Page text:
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NIH: Looking at the potential of mHealth to solve long-standing problems

By William Riley, PhD, National Heart, Lung and Blood Institute
And Wendy Nilsen, Office of Behavioral and Social Sciences Research

Mobile and wireless health (mHealth) is a nascent and rapidly growing field. These technologies provide the potential to advance research, prevent disease, enhance diagnostics, improve treatment, reduce disparities, increase access to health services and lower healthcare costs in ways previously unimaginable. 

Real-time, continuous biological, behavioral and environmental data collected by wireless and mobile technologies will improve our understanding of the etiology of health and disease, particularly when integrated with data from areas such as genomics, biomarkers and electronic medical records. In line with the NIH mission, these data can help in answering the difficult questions about the relationship between genetic contributions and environmental factors in health and disease and the developmental origins of adult disease, as well as informing the development of treatments and prevention programs that are preemptive, personalized and adaptive over time. 

NIH also recognizes that a major opportunity also arises from the potential of mobile and wireless health technologies to continuously monitor chronic medical conditions around the world, as well as to implement disease management plans that capitalize on this expanded information. Chronic disease conditions have been recognized in the developed world as a major source of morbidity and mortality. Similarly, in the low- and middle-income countries, chronic disease is increasingly being cited as an emerging problem and a major component of disease burden.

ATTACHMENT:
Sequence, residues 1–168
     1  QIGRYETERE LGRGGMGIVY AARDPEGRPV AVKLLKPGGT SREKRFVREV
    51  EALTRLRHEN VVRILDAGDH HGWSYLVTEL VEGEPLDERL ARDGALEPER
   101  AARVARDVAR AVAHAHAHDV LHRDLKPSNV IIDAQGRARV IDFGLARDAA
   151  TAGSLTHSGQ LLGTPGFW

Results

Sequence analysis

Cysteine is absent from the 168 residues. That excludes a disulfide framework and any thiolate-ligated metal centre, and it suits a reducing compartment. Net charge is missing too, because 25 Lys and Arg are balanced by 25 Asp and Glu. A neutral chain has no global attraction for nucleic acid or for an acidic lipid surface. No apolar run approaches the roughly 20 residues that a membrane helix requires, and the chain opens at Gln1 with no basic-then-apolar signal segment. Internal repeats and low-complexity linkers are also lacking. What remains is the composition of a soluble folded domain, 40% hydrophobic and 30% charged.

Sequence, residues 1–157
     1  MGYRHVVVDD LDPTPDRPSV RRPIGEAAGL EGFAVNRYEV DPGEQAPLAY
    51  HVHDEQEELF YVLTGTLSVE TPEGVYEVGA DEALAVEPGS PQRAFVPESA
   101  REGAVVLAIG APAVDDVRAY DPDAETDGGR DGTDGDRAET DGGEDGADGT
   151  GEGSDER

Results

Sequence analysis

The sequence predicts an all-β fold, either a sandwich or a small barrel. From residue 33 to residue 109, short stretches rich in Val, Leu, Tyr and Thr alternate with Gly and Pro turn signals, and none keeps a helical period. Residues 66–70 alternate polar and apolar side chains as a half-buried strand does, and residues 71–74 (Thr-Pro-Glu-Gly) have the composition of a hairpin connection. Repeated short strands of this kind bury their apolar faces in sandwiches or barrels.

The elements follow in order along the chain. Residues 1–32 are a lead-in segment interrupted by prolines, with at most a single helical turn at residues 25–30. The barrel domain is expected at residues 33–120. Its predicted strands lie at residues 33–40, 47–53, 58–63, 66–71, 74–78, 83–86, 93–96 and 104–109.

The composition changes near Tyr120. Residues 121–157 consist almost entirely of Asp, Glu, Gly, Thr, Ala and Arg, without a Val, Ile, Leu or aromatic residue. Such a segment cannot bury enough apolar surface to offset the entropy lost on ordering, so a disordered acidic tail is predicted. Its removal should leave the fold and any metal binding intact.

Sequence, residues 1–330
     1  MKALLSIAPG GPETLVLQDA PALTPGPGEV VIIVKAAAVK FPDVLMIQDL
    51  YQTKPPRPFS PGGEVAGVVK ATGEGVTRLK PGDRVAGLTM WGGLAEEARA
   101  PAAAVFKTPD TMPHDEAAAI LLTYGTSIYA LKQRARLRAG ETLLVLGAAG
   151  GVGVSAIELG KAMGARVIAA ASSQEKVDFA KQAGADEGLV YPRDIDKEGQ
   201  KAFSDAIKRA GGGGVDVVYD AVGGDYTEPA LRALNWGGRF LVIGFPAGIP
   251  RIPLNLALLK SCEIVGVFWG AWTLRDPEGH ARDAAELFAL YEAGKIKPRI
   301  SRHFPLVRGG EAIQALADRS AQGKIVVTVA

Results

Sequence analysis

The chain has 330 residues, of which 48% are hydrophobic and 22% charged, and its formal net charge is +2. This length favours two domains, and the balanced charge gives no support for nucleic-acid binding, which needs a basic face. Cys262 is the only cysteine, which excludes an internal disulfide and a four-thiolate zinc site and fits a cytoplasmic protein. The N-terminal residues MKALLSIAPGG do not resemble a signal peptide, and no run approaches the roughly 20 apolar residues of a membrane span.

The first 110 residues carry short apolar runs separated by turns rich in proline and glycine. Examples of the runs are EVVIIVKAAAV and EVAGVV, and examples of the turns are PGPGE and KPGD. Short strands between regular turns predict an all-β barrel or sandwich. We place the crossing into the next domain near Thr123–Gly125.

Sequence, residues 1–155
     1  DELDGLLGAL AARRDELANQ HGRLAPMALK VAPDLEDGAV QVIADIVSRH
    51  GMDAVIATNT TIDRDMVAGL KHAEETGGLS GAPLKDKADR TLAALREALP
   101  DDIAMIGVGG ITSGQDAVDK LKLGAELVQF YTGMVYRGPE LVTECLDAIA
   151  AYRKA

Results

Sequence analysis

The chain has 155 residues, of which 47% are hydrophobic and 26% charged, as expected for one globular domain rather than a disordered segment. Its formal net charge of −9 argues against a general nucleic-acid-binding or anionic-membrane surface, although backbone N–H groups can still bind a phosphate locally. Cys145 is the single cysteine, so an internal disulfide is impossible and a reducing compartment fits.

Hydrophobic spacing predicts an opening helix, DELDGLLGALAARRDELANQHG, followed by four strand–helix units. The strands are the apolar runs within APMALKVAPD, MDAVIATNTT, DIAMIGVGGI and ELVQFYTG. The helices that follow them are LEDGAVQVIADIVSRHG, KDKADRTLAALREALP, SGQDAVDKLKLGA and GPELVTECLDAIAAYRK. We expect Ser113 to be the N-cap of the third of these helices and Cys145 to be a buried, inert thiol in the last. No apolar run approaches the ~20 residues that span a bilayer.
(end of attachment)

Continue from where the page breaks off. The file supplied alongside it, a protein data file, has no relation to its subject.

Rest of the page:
NIH is aware of the need for rigorous mHealth research that examines the potential, as well as the challenges, of harnessing mobile technologies to improve global health outcomes. NIH encourages both the technology developers and the researchers to start with problems that demand solving, so that the field is needs-driven, rather than product-driven. 

With its potential for providing low-cost, high quality data to enhance health research and improve health outcomes around the world, mobile/wireless health is of growing interest to the NIH, especially since many of these technologies apply to multiple diseases and conditions.

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